I find evidence that hope remained in him to the end, even when depression threatened to stymie his work.  No matter how dark the world became, King knew that truth would somehow overcome.  Strengthened through a mystical encounter with God, Martin Luther King, Jr. never wavered in his conviction that nonviolent confrontation could lead to equality for blacks, if actions were undergirded by love.  His life and works reiterated a theme important to the black church since slavery, “unmerited  suffering is redemptive.”[2]

[1] Martin Luther King, Jr., “Remaining Awake Through a Great Revolution,” A Knock At Midnight: Inspired From the Great Sermons of Reverend Martin Luther King, Jr.,  ed. Clayborne Carson and Peter Holloran (New York: Warner Books, 1998), 223-24.  King takes his quotation, “No lie can live forever,” from Thomas Carlyle, The French Revolution: A History, ed. Bennett A. Cerf and Donald S. Klopper (New York: The Modern Library, n.d.), pt.1, bk.6, ch.3, 180; “Truth, crushed to the earth . . . ” from William Cullen Bryant, “The Battlefield,” stanza 9, originally published in The United States Democratic Review, 1, issue 1 (October 1837): 15-16; and “. . . behind the dim unknown . . .” from James Russell Lowell, “The Present Crisis,” stanza 8, originally published 1844.  Martin Luther King, Jr., “Rediscovering Lost Values,” The Papers of Martin Luther King, Jr.,  ed. Clayborne Carson et al. (Berkeley and Los Angeles: University of California Press, 1992),  2:253 n. 5.  King used this sequence in “Rediscovering Lost Values,” preached at the Second Baptist Church in Detroit, Michigan, 28 February 1954 where he used Galatians 6:7: “You shall reap what you sow” as his next point.  See Knock, 5-19.  He used it again in December 1956 at the First Annual Institute on Non-Violence and Social Change held in Montgomery, Alabama in “Facing the Challenge of a New Age,” on 16 November 1961 at the Annual Meeting of the (interracial) Fellowship of the Concerned of the Southern Regional Council in “Love, Law, and Civil Disobedience,”and in Bal Harbour, Florida, 11 December 1961 at the Fourth Constitutional Convention of the American Federation of Labor-Congress of Industrial Organizations (AFL-CIO) in “If the Negro Wins, Labor Wins.”  See  A Testament of Hope: The Essential Writings and Speeches of Martin Luther King, Jr., ed. James Melvin Washington (San Francisco: HarperSanFrancisco, 1986), 43, 52, 135, 141, 201, 207.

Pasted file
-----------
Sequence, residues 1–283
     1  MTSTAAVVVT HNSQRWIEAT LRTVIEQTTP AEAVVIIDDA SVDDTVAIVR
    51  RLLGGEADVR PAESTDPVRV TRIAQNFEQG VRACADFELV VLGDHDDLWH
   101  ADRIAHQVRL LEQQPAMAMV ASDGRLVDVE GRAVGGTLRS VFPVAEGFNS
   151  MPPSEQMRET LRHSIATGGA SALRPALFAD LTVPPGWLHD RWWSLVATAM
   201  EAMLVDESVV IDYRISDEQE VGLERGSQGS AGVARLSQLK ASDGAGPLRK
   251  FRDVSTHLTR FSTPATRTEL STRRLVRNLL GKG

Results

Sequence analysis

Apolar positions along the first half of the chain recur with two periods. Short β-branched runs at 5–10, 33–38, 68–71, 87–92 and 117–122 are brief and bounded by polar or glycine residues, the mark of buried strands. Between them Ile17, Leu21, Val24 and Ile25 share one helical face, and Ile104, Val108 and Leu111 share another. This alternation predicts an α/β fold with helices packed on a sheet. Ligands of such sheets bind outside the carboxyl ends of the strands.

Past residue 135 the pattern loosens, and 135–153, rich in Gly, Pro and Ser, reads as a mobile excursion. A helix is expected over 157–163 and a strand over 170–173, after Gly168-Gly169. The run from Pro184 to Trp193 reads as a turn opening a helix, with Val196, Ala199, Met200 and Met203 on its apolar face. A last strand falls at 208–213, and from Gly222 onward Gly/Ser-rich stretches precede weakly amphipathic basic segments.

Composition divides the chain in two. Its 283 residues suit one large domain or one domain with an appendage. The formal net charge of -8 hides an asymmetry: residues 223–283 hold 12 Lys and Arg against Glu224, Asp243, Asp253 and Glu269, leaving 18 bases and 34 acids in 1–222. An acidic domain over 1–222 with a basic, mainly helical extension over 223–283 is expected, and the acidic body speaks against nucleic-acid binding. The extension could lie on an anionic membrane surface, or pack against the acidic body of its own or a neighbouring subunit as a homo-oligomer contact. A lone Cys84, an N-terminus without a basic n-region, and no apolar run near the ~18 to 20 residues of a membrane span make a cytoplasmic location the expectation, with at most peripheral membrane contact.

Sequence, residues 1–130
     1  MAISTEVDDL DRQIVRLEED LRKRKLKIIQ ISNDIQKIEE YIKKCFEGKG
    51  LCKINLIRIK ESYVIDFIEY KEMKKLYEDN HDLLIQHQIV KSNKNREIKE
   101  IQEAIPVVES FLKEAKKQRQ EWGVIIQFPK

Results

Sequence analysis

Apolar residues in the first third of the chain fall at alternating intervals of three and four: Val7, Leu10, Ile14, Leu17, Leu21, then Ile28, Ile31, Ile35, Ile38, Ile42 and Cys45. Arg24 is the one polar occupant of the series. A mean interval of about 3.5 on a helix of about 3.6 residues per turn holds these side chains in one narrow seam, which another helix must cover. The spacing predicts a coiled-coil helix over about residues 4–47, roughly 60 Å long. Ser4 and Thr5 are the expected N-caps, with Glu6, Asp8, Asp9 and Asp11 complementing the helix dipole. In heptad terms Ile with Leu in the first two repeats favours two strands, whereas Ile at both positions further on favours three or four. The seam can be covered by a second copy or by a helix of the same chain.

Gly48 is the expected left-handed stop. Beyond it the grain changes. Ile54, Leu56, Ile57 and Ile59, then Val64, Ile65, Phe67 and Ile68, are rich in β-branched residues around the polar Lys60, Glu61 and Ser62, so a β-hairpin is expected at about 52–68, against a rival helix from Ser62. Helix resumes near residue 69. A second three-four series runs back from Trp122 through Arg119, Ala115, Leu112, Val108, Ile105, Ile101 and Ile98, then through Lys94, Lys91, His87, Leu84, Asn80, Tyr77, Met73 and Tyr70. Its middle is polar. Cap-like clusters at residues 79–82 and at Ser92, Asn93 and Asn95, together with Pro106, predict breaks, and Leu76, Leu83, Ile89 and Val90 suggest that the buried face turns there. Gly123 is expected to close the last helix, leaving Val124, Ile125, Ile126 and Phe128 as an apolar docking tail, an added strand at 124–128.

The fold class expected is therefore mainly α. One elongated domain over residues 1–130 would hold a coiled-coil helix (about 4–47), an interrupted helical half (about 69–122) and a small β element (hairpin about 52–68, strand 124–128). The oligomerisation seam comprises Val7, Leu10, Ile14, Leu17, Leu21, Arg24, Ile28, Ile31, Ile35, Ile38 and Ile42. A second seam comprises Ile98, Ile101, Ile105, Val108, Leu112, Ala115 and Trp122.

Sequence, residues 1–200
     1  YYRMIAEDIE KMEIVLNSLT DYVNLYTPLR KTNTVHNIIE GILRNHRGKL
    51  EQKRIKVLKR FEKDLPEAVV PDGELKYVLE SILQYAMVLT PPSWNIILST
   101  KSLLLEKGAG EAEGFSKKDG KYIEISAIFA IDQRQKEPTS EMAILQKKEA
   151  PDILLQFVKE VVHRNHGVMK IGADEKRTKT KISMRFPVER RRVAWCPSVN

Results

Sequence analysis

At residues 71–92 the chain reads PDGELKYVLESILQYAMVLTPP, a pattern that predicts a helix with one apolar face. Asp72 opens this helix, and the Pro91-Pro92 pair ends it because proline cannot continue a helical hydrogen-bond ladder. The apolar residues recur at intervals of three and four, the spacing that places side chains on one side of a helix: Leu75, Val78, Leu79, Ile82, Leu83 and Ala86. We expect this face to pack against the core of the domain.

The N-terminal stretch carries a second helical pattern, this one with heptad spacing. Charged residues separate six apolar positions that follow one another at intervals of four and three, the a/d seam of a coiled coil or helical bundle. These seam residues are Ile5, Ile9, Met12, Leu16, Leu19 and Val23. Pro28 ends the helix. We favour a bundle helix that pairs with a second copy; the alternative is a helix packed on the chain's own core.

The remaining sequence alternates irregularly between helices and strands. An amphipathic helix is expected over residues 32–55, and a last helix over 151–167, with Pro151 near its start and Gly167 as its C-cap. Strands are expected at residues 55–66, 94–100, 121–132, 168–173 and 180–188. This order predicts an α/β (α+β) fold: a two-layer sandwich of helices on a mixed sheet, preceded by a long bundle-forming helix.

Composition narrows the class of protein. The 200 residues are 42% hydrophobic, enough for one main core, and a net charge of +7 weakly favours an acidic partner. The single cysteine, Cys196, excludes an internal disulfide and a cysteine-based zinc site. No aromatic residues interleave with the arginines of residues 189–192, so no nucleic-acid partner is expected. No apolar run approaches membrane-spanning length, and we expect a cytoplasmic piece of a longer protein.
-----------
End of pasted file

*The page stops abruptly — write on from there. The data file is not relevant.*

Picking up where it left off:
[2] Albert J. Raboteau, A Fire in the Bones: Reflections on African American Religious History, (Boston: Beacon Press, 1995), 71.